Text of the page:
This is a short quick fix howto on how to get the logs for Ossec HIDS v2.8 on a CentOS Linux release 7.1.1503 (Core)
to rotate using the system default logrotate job. It should probably work just fine on RHEL, Fedora and Scientific Linux as well, but this has not been tested.
The symptoms of the problem are that when running logrotate (-d for debug):
# logrotate -d /etc/logrotate.conf
The following errors are seen in the output:
rotating pattern: /var/ossec/logs/active-responses.log weekly (4 rotations)
empty log files are not rotated, old logs are removed
considering log /var/ossec/logs/active-responses.log
error: skipping "/var/ossec/logs/active-responses.log" because parent directory has insecure permissions (It's world writable or writable by group which is not "root") Set "su" directive in config file to tell logrotate which user/group should be used for rotation.
rotating pattern: /var/ossec/logs/ossec.log weekly (4 rotations)
empty log files are not rotated, old logs are removed
considering log /var/ossec/logs/ossec.log
error: skipping "/var/ossec/logs/ossec.log" because parent directory has insecure permissions (It's world writable or writable by group which is not "root") Set "su" directive in config file to tell logrotate which user/group should be used for rotation.
I found this interesting, very good talk by Professor Simon Peyton Jones at Microsoft Research about writing research papers. It takes around 35 minutes to watch, but I think it was 35 minutes well spent.
More resources for doing research from the same guy.
I was sitting, drinking beer with a friend today, and this friend happens to be a Ph.D. student in the field of biometrics.
We were discussing real life application of biometrics for security, and the talk turned into somewhat unserious.
Anyways, while discussing if recording how a person types on the keyboard for continuous authentication,
I realized something and got this crazy idea of the application in “Litteral Based IDS systems”. A host-based application that record keystrokes and based on that issue alerts if predefined malicious commands (signatures) are typed.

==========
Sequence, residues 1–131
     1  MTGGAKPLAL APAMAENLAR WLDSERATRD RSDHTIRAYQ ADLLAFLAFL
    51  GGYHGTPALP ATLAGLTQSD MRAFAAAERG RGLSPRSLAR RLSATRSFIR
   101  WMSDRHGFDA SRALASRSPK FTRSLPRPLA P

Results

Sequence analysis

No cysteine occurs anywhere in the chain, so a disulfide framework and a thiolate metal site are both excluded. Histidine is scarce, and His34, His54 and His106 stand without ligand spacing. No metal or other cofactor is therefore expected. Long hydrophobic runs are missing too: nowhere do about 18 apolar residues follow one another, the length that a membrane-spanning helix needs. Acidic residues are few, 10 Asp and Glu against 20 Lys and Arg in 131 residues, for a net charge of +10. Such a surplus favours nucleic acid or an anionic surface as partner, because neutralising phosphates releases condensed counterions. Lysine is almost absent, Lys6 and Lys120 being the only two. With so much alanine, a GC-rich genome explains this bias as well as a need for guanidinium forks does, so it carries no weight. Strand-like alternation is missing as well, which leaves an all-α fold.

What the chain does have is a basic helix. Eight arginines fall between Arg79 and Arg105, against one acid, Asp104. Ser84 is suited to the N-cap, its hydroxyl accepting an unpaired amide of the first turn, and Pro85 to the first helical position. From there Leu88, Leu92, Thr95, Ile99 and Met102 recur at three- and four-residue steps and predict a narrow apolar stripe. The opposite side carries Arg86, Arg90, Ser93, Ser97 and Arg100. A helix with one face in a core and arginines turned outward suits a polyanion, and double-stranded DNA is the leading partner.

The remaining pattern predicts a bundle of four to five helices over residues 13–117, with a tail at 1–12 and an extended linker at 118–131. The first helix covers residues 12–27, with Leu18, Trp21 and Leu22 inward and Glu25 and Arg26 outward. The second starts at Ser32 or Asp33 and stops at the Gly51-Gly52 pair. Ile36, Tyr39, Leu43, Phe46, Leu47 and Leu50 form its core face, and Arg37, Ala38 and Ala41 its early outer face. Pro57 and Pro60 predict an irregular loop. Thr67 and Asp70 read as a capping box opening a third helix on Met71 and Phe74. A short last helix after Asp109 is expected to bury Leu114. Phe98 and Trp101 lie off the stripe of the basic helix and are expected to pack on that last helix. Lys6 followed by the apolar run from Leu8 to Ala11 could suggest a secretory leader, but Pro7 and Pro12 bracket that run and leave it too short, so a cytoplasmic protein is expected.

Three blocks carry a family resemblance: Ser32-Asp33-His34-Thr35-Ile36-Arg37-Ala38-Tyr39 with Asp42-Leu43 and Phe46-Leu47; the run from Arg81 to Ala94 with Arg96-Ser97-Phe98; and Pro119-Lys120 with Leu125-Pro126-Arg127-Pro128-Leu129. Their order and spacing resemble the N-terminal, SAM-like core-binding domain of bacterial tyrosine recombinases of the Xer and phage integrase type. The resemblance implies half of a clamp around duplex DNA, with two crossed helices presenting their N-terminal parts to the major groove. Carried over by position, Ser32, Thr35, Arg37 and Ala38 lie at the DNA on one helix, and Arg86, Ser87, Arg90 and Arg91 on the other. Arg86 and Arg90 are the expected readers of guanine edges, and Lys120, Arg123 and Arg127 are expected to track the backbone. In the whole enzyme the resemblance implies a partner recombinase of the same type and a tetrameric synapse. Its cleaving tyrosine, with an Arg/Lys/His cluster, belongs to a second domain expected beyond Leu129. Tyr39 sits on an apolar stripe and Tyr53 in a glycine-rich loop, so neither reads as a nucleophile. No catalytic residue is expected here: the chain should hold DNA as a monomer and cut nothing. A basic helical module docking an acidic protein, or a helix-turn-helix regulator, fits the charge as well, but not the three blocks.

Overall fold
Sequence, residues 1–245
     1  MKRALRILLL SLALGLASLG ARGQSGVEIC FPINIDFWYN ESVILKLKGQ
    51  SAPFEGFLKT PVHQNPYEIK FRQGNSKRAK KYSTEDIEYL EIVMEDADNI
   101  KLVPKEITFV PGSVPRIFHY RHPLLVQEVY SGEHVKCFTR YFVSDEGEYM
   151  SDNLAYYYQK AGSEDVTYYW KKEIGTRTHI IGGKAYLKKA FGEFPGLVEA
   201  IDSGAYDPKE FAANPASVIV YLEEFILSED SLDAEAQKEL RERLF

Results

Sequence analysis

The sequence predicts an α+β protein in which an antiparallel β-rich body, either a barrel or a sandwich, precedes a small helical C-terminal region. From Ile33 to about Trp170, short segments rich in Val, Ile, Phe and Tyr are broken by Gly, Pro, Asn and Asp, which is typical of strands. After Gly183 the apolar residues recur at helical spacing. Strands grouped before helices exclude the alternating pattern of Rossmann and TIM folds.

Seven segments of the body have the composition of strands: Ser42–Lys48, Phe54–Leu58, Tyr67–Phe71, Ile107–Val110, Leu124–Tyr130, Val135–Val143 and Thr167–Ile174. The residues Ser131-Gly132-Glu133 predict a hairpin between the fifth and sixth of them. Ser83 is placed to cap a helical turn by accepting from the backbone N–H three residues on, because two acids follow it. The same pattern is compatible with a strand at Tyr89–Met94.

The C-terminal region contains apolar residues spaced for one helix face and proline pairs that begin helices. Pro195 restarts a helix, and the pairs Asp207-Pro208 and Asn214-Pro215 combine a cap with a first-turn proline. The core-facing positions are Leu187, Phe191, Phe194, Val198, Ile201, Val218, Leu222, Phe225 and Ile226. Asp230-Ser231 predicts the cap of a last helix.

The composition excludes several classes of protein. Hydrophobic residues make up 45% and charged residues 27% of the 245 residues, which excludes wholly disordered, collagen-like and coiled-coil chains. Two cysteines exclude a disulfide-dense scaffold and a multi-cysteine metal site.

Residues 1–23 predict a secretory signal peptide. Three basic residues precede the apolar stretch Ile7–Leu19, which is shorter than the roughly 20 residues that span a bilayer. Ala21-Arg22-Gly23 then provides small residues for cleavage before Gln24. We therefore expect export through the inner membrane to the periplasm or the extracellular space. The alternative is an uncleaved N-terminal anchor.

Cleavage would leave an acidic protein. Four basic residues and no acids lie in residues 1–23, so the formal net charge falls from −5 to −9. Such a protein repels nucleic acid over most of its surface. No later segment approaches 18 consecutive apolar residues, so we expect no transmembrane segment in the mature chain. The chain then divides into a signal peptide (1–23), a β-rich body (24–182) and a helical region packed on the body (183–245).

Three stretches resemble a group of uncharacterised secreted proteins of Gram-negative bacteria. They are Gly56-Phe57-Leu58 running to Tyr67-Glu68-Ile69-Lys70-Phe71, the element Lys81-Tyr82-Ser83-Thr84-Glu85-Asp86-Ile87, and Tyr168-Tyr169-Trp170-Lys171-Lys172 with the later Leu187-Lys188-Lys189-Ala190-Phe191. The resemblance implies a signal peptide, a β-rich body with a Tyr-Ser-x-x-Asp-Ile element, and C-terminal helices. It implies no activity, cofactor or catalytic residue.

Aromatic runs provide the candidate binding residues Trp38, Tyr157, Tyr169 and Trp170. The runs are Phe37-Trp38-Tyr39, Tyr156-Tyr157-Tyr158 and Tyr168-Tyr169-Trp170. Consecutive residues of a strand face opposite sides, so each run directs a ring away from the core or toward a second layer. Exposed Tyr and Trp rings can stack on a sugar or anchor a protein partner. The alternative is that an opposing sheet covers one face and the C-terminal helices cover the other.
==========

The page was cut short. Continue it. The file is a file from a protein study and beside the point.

Before you say anything about that it is not ethical, well I never said it was a great idea, I’m not even sure it is a good idea. It is purely a lab toy kind of idea, for now.
The idea is to create a sensor agent that records keystroke in real time, and if certain commands or series of commands are typed on the keyboard (or terminal)
an alert should be raised, and sent to an administrator.
And back to the ethics, I see a lot of privacy issues related to this. But it would still be an interesting thing to try out in a lab setting.
When Crunchbang/Debian are updating their kernel I usually have some problems running
my virtual guest systems in VMware because of missing kernel modules. Long time ago this was annoying me
so much that I just switched to OpenBox that came packages with the distro for a while. Anyways, I found
my way back to VMware because it is quite better in many ways.
After kernel upgrade VMware just gives me the following error
when I try to start my virtual guests:
Could not open /dev/vmmon: No such file or directory.
Please make sure that the kernel module `vmmon' is loaded.
When clicked it is followed by:
Failed to initialize monitor device.
And finally the virtual guest just refuse to start giving the following error:
Unable to change virtual machine power state: Internal error
I found the simplest solution to this problem is simply running this command in
$ sudo vmware-modconfig --console --install-all
In this paper we investigate into extracting logs from apps and Android system for correlation and graphically display them in the form of a timeline, while preserving the terms of forensic soundness and integrity. The paper is based on experiments done by the group members on different type of devices and different applications.
By being an information security student it is important to stay up to date on the real world, not just academia. Because of this I started six months ago to collect and index information and articles about security and technology. Even though the problems in security have not changed in 10 years, there is new versions of those problems every day. This is why I think it is important